Courage, devastation, anger and sorrow all mix together in these stunning stories that represent the migration struggle in South America. Luis Eduardo Barrueto reports from Guatemala the tragedy of crossing the Mexican border that immigrants have to face, bravely risking their lives to reach the ‘American dream’.
The Faces of Migration
The producers of the Mexican film, The Golden Cage (La jaula de oro, 2013), decided to portray the story with more than a dash of hyperrealism when they searched for their cast in Guatemalan communities with a high degree of emigration. The selected cast portrays the two Guatemalan youngsters – a boy and a girl – and a Mexican tzotzil boy in their route across Mexico towards the United States.
The cast is composed of non-actors. According to producer Inna Payán, they were very much aware that the story they were portraying was all too real, all too painful.
The action portrayed is thus on the dividing line between fiction and documentary but it struck a cord with European critics when it was presented at the Cannes Film Festival. Its possible that analysing a story that takes place across the Atlantic Ocean allows Europeans to fully understand the logic of the migration that takes place, in a different guise, within their own borders?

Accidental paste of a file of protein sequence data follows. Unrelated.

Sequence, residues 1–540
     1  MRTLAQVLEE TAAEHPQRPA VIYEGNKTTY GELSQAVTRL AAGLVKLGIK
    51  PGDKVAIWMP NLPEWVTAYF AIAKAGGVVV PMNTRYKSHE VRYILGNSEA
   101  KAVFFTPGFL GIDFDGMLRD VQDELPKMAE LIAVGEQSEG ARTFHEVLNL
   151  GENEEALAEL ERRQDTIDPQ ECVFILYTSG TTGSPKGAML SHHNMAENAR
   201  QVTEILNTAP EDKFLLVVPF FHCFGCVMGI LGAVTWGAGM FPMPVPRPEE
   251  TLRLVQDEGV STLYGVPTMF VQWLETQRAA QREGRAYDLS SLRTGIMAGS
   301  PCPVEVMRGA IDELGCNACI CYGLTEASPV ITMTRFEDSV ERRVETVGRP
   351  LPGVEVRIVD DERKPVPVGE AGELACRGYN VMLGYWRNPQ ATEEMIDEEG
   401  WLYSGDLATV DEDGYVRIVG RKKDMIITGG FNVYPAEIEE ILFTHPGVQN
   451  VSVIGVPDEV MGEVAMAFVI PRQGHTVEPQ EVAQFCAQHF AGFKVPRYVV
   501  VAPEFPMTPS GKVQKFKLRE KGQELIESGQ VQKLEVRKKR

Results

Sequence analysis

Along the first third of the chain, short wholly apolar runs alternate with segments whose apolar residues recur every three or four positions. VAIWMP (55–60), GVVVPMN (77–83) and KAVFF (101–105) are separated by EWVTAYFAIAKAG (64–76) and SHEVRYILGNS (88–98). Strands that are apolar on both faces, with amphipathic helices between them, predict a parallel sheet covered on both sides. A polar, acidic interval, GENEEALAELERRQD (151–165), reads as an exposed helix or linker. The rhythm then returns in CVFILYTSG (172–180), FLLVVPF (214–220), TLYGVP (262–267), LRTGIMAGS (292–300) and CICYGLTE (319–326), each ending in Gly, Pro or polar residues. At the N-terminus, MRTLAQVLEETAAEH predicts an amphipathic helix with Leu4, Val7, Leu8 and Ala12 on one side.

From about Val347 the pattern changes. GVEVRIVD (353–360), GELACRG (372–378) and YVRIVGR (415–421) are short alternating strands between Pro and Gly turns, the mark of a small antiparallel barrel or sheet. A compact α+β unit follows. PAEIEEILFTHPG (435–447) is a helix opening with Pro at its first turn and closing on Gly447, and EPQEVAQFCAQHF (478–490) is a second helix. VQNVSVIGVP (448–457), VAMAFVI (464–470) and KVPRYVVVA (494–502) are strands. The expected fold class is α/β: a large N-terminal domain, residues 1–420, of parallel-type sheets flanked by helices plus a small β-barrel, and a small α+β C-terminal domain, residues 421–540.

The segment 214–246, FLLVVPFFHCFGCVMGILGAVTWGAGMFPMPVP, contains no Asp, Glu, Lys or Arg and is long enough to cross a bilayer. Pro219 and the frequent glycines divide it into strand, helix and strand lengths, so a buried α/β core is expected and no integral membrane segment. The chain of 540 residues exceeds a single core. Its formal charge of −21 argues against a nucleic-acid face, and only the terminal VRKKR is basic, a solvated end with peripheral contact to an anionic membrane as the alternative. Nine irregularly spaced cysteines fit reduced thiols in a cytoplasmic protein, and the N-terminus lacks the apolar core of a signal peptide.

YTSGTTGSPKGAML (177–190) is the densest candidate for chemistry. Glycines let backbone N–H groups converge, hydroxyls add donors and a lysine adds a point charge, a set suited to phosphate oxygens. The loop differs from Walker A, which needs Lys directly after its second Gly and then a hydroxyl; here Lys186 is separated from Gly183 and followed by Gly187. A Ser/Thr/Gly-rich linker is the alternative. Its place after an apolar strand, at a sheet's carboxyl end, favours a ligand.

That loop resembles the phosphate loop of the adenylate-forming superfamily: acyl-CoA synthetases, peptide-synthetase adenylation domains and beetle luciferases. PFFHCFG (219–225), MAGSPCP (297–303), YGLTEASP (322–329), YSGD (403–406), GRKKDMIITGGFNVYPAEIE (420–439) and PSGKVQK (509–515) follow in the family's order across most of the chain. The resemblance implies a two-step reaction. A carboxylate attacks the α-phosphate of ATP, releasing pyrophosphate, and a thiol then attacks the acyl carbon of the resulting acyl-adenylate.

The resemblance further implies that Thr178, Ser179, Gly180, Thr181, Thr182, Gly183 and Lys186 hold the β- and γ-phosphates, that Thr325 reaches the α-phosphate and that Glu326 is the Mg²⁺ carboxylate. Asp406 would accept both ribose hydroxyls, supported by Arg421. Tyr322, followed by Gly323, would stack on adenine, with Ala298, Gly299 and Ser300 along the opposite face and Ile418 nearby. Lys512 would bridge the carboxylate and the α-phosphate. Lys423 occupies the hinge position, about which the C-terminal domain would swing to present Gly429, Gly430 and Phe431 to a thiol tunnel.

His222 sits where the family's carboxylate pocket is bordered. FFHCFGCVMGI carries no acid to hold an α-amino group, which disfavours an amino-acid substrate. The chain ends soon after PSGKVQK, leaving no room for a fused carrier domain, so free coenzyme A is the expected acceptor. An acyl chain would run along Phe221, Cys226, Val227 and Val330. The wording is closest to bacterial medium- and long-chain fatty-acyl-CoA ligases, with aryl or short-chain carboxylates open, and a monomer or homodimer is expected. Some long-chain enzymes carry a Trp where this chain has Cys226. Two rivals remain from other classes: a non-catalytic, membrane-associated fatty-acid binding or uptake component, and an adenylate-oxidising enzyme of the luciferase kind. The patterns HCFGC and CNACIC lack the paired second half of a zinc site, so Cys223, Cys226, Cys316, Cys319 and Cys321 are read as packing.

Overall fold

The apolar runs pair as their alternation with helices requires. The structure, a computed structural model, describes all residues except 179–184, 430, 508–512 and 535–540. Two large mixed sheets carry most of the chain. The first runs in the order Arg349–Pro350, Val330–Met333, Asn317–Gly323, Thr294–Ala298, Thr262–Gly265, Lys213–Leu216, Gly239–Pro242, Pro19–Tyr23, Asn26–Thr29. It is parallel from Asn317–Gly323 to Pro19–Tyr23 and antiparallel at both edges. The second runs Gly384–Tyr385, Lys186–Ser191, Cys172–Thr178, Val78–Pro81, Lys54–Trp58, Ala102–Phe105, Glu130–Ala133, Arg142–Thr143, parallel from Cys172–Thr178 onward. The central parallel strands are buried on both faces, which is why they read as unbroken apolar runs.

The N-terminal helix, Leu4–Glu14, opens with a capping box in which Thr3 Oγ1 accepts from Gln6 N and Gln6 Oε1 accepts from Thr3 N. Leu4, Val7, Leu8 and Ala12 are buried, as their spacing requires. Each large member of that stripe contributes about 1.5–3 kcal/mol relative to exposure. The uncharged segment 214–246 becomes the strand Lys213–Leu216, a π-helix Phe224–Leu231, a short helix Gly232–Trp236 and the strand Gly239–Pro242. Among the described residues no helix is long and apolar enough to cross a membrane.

One work of non-fiction however, is the story of Paola, interviewed by Oscar Martínez in a project called “On the road”, by the regional digital newspaper El Faro.
Paola, a Guatemalan transexual, was 23 when she narrated the story of unbuckling belts and whispered negotiations behind her back on board a train recently into the Mexican border in her trip (“You go first, then it’s my turn”). These raw comments did not disturb her upheld posture when she decided to interrupt them and without even turning her back to see their reactions, she told them to do whatever they wanted with one condition : “Look, do whatever you want but wear condoms. There are a few in my backpack, the red one over there. I recommend you do that because I have AIDS”. She added a not-so-veiled threat: “I though you were too manly and only fucked women”, despite the fact that she had by then effectively switched identities at the time and did not recognize herself as anything but a woman.